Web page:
The COVID-19 pandemic has caused widespread disruptions in business and forced employees in many organizations to work from home. These challenges have also made organizations consider cutting training budgets or postponing training altogether. But, what about onboarding new employees? These programs cannot be postponed.
Fortunately, organizations have found ways to adapt. They have introduced new modalities of training and have kept themselves abreast with the latest tools and platforms to make onboarding and training successful and seamless.
Why Is Onboarding Important?
Onboarding is a crucial activity that determines how new team members look at the organization and how quickly they integrate into the culture. A poor onboarding program, or a lack of onboarding altogether, can have a lasting impact on employee morale, confidence and performance.
Onboarding sets the tone for a long-lasting relationship with the organization and is the employer’s opportunity to help new hires understand its vision, mission and goals. This understanding then helps the new employees start their roles with enthusiasm and put their best foot forward. Onboarding is also an opportunity to help the new hires get to know their fellow team members and manager quickly.
Virtual Is the Way
In light of the pandemic, virtual onboarding is often the best or even the only way to bring new hires up to speed. For a successful virtual onboarding program, the organization must first ensure that new hires receive the necessary equipment, including, often, a desktop or laptop computer. Then, eLearning and virtual training sessions can onboard new hires remotely.
Creating a Successful Onboarding Program
A successful onboarding program has the following characteristics:
Engaging Training Programs
It is important that initial training and interaction sessions are meaningful and engaging. The eLearning sessions should be interactive so that new hires are engaged as they get to know the organization and understand their role.
Off-the-shelf and Bespoke Training Solutions
When new hires join the organization, it is important that their onboarding training includes a mix of bespoke or custom solutions and off-the-shelf training, with organizational branding on the specific topics and skills your employees need to learn.
Continuous Learning Journey
An onboarding program will only be effective if there are adequate follow-up training and materials to help the new hires. This “continuous learning journey” concept gives learners periodic support and content to ensure that they don’t forget what they learned through formal training. In particular, supplementary microlearning “nuggets,” provided at regular intervals after the training, can go a long way toward helping learners remember and apply key concepts.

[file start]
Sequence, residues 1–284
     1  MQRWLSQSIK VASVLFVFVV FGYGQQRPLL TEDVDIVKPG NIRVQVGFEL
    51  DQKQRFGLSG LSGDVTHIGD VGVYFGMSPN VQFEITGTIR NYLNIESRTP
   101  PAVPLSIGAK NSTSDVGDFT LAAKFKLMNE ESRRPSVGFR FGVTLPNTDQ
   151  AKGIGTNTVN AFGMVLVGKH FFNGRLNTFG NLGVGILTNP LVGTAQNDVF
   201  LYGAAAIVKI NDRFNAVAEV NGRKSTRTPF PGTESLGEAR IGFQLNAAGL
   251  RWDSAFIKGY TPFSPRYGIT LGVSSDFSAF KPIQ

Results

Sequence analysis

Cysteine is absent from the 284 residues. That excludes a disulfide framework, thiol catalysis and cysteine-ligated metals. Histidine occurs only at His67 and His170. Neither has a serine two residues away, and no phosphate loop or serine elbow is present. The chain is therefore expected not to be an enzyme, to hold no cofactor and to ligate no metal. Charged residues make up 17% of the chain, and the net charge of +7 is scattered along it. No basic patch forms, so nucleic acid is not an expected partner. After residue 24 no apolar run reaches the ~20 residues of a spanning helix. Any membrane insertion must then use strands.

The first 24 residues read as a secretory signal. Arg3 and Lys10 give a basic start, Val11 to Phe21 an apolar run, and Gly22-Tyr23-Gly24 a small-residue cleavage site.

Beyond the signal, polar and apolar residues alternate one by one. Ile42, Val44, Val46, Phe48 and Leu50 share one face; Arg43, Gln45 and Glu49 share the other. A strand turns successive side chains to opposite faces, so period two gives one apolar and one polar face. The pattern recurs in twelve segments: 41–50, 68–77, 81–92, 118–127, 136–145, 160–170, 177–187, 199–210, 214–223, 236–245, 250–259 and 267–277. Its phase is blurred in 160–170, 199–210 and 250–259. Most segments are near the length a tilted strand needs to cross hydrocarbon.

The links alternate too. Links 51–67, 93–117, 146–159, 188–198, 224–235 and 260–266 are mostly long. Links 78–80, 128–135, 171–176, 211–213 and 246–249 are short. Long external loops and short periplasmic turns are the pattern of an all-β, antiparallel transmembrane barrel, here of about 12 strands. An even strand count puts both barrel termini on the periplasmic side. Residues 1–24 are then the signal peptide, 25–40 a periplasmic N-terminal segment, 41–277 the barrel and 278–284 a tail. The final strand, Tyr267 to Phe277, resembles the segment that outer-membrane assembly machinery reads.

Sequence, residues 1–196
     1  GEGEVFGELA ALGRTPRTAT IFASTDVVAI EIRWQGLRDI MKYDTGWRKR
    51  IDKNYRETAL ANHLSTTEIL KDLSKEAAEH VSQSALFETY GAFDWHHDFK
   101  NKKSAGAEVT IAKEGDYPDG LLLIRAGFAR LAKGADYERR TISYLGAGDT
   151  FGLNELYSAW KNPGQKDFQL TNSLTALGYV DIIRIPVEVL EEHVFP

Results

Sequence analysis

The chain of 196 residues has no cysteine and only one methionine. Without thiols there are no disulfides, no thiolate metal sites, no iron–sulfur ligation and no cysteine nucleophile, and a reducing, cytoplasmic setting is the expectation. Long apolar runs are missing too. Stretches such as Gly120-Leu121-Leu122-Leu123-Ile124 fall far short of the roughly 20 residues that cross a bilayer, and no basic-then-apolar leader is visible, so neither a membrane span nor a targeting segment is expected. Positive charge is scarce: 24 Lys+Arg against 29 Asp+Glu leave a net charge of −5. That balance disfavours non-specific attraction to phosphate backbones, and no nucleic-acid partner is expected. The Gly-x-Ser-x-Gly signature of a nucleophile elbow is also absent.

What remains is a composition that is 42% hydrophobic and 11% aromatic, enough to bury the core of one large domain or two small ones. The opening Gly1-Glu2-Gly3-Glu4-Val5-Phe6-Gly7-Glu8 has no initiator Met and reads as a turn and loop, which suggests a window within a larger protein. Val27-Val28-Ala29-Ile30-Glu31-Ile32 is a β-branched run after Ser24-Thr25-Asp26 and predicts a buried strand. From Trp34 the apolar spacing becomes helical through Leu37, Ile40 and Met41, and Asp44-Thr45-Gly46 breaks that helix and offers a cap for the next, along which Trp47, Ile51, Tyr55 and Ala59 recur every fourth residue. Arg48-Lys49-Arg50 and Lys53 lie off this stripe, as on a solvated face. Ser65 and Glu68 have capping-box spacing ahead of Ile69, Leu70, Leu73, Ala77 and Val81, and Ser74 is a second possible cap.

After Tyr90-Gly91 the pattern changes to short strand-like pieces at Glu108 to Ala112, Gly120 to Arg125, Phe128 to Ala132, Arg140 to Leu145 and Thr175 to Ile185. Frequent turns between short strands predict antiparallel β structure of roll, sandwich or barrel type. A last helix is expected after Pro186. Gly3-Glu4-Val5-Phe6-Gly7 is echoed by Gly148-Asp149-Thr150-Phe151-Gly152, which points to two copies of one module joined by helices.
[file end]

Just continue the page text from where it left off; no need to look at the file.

During the pandemic, one organization turned its onboarding program into a completely virtual experience. It gives new employees access to an online platform, where they can go through some introductory materials. Then, they participate in virtual onboarding sessions conducted by trainers or functional leaders. Finally, the employees receive additional supporting materials that they can access on the platform.
Best Practices for Virtual Sessions
As you implement your first onboarding program, keep these best practices in mind:
- Ensure that new hires have good internet or broadband connectivity.
- Check the technology before a session begins.
- Include sufficient breaks during online sessions.
- Trainers need to have sufficient practice before conducting online sessions.
- During a virtual session, keep communication lines open. Enable the chat feature so that new hires can receive answers to their questions.
- Certain in-person training practices don’t work well in the online world. The trainer can’t reach out to each participant, for example, and typically needs a moderator or another facilitator to help him or her answer questions.
- The instructor should set “housekeeping” ground rules like, for example, limiting distracting chat. He or she can take control of proceedings by letting the participants know when they can chat or raise questions.
- Participants can easily become distracted during an online session, so use engaging videos, short quizzes, games and/or online quizzes to keep them engaged.